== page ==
East Coast vs. West Coast (Hiking)

We Belong to the East…But Our Hearts are in the West

We’ve been talking lately about some of the best hikes in the Southern Appalachians. All of these hikes have one thing in common…they all lead to places with great views.

In fact, one would be hard pressed to find ANY list of great hikes by any author that does not include great viewpoints, or at least some interesting terrain features such as cliffs, boulders, waterfalls, cascades etc. After all, if you want great views of trees, you could hike almost any trail (or rural road) in the Southeast and come away with a smile on your face.

Sylvia and I began our hiking career together with a trip to Hemmed in Hollow, a popular hike to a very tall waterfall at the bottom of a box canyon in Arkansas. But that hike had great views from ledges along the way, not to mention the views of the falls itself.

Hemmed in Hollow was our first hike together.

Brian’s first REAL hike years ago was a trip to Mount Chocorua in New Hampshire. This is one of the most popular summits in the Northeastern USA, eclipsed in popularity only by the very similar Mount Monadnock. The reason Chocorua is so popular? A completely exposed granite summit, offering a grand view (which includes that serial killer among mountains, Mount Washington.)

I can’t find a single picture from my White Mountains days so…here’s a stock one of Chocorua that shows its rocky granite summit. by JohnJHenderson,https://commons.wikimedia.org/w/index.php?curid=481482

Needless to say, people would not hike to the summit in such numbers if it were not for the view. If the summit was treed in, it’s unlikely there would even be a trail there.

There are as many reasons to want to be outdoors as there are trees in the forest, and by no means is hiking the only one of these. For the true outdoorsman (or, to the use the truer term, ‘woodsman’ or woodswoman’) the forest is an ideal place to be because it provides every possible resource a person could need to survive…if they know where and how to look for it.

The forest provides fuel for fire, means to build a shelter and tools, game that itself provides food and clothing, cover behind which to hunt game, relative protection from strong winds, water from fast flowing streams, etc. Therefore, to the true outdoorsman, the woods are far better than windswept mountain peaks that are exposed, offer no shelter, game or building materials apart from rock. The Native Americans, who were the ultimate outdoorsmen, lived in the forested valleys, not the high peaks.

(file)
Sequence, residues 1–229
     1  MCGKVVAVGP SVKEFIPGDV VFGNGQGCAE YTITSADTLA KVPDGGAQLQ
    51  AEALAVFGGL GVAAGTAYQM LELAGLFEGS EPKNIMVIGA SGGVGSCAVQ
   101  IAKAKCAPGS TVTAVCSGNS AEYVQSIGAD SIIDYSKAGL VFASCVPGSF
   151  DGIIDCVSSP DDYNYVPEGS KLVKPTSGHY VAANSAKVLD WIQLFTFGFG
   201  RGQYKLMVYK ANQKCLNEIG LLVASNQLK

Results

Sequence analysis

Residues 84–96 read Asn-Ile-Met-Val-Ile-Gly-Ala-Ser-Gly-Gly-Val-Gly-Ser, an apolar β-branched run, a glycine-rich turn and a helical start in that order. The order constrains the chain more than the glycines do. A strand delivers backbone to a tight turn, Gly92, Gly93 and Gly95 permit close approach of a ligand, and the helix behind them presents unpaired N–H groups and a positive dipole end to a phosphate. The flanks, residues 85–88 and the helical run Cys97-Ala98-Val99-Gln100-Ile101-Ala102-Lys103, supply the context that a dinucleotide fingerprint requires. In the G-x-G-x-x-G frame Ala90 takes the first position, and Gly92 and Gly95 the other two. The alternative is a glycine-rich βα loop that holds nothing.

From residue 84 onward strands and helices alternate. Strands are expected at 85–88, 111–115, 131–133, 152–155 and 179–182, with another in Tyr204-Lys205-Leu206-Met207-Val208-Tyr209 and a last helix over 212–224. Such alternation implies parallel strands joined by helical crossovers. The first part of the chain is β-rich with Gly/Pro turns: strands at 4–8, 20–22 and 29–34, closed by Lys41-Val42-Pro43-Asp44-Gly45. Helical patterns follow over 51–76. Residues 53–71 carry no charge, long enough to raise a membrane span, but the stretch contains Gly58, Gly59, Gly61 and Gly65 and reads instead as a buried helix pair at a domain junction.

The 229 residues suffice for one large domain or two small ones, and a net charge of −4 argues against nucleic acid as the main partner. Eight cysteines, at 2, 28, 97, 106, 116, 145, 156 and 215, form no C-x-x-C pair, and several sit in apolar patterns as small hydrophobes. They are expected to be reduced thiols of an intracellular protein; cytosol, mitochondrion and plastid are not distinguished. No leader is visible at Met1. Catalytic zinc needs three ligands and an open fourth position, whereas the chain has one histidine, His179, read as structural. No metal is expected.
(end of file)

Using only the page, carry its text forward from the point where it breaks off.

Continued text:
But then the peaks were often spiritual places to the Native Americans, and it’s not hard to see why. Modern hikers take to the mountains for spiritual reasons as well…modern life provides us with everything needed to live comfortably (and a lot not needed) but cannot adequately provide for our spirits. In fact, modern life seems to come with some sort of spiritual cost attached. Most people would never give up the things that make modern life comfortable and would frankly be hard pressed to do so, since few people posses the skills required to live without them anymore. But the majority also seem to be wanting to get as far away from modern life as they can, at least for short times.

Brian’s evolution as a hiker began with him walking around the very walkable city of Boston, then in the woods nearby, then in bigger hills, and finally in the mountains…on Mount Chocorua and bigger peaks. In the early stages he was content to merely be in the woods…it reminded him of his youth, of family trips to Maine and the White Mountains, an it was a break from the routine of the city.

In fact, the early hiker Brian rejected the idea that summits and views were what it was all about; this was partly because he felt it was the experience and not the view that was the point; but also probably because hiking to the top of a mountain is a lot of work, and the younger, less active Brian was not yet used to the idea that things worth doing have price tags, and the price tag for hiking is often pain, sweat and effort.

As we evolve in life our thinking changes, and so Brian’s opinions shifted. He began to more readily embrace the idea that while the total experience is important, great views are critical to the experience. In short, the views really ARE what it’s all about.

There are great views to be had on the slopes of Mount Rogers…but few places in the Southern Appalachians are so blessed.